Sunday, 12 October 2008

The Inn on the River (1962)

While the plot of The Inn on the River (Das Gasthaus an der Themse) can’t match the other German Edgar Wallace krimis I’ve seen for sheer outrageousness, and while it lacks the gothic touches that made those films even more fun, it still provides decent entertainment for fan of this movie genre.

This entry in the cycle was based on Wallace’s novel The India-Rubber Men. A mysterious scuba-diving killer is stalking the waterways of London, emerging to dispatch his victims with a harpoon and then disappearing into the sewers. Inspector Wade of Scotland Yard (played by the very likeable Joachim Fuchsberger who starred in countless krimis) is on the case, and his investigations have led him to a notorious waterfront dive, The Mekka. He believes the killings are connected with smuggling operations and jewel thefts.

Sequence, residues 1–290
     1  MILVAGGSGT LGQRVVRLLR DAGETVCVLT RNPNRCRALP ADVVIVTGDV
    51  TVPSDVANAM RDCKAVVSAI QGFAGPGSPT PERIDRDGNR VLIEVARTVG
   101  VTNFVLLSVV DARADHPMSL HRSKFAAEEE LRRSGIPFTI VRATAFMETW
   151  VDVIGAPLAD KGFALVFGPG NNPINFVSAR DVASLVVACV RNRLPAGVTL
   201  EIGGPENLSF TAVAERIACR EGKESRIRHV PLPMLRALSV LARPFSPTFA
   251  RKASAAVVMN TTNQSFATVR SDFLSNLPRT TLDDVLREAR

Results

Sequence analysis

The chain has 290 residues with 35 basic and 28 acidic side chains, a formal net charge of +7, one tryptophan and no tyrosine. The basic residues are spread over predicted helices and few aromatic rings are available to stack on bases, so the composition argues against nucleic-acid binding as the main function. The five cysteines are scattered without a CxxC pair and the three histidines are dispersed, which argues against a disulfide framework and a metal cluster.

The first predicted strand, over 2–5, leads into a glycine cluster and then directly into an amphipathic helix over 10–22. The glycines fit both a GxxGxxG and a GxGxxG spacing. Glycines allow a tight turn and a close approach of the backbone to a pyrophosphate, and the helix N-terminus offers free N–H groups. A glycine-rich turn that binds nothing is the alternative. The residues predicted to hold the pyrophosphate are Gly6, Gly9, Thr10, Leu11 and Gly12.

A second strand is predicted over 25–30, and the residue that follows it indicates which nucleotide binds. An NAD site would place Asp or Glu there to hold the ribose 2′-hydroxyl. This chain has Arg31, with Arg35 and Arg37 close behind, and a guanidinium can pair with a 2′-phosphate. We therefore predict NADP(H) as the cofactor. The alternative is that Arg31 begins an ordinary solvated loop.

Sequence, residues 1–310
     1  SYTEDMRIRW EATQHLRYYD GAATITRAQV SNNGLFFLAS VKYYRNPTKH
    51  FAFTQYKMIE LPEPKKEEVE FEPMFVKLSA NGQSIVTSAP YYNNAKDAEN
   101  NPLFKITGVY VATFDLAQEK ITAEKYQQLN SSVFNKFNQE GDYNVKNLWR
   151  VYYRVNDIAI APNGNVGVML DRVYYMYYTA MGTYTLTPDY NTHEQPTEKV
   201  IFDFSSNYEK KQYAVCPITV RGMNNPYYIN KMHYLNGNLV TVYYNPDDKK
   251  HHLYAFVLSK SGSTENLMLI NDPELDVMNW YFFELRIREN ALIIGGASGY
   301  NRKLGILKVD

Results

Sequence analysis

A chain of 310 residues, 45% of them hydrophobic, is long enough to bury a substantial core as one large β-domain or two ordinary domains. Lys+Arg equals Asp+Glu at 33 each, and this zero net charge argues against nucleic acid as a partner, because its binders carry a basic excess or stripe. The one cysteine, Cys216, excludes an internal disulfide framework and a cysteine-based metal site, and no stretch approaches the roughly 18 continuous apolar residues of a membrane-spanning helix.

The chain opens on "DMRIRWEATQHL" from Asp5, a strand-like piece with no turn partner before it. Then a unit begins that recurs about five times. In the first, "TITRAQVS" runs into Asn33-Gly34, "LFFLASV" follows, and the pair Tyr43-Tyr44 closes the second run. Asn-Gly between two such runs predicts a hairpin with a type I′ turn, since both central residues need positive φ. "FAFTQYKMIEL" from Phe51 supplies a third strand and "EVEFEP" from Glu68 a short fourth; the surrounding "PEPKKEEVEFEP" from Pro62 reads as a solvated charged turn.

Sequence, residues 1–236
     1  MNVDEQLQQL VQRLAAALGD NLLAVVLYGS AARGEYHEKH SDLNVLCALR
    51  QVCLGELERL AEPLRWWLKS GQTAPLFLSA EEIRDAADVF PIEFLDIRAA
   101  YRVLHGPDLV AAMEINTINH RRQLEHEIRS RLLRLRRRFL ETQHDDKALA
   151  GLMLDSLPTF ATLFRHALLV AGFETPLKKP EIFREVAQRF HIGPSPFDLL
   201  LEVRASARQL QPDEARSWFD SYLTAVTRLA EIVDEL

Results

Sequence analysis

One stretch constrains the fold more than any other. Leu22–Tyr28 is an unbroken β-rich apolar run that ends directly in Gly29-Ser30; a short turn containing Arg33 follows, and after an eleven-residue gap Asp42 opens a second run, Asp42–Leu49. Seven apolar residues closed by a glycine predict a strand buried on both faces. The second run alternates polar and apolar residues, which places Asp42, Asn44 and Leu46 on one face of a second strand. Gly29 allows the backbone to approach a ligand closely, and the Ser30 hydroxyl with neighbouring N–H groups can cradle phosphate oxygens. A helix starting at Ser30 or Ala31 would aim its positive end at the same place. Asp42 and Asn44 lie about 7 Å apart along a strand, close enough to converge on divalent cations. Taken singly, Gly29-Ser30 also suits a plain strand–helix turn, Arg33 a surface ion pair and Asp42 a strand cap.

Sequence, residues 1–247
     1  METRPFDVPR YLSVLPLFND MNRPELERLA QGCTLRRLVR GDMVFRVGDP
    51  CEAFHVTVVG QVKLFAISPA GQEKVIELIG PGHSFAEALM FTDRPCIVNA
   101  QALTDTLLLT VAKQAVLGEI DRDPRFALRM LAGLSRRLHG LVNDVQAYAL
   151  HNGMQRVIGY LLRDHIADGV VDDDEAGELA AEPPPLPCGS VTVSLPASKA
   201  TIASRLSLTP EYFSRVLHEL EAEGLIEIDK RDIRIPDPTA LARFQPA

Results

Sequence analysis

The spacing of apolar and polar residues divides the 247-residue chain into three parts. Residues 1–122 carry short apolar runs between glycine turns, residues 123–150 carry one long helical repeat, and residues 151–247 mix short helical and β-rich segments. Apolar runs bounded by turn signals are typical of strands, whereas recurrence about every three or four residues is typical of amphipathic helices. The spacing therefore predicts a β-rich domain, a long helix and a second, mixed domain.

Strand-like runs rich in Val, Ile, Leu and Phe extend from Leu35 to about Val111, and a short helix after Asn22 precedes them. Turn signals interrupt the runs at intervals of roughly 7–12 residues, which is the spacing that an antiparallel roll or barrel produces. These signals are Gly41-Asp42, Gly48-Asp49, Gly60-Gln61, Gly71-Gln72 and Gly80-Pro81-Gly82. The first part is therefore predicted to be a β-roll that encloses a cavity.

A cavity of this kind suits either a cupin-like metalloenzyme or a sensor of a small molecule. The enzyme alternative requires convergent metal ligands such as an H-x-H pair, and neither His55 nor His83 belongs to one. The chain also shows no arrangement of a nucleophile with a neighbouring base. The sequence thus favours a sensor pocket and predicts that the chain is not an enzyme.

Eddi Arent is on hand as usual to provide comic relief, and although the comic relief is completely unnecessary he does it reasonably well and without becoming too annoying. Klaus Kinski is on hand also, to add his social brand of vaguely sinister weirdness to the proceedings. Karl Löb provides some wonderfully moody black-and-white cinematography – you can almost feel the damp and the fog. Director Alfred Vohrer keeps things moving along at a good clip. Good solid entertainment for B-movie fans.

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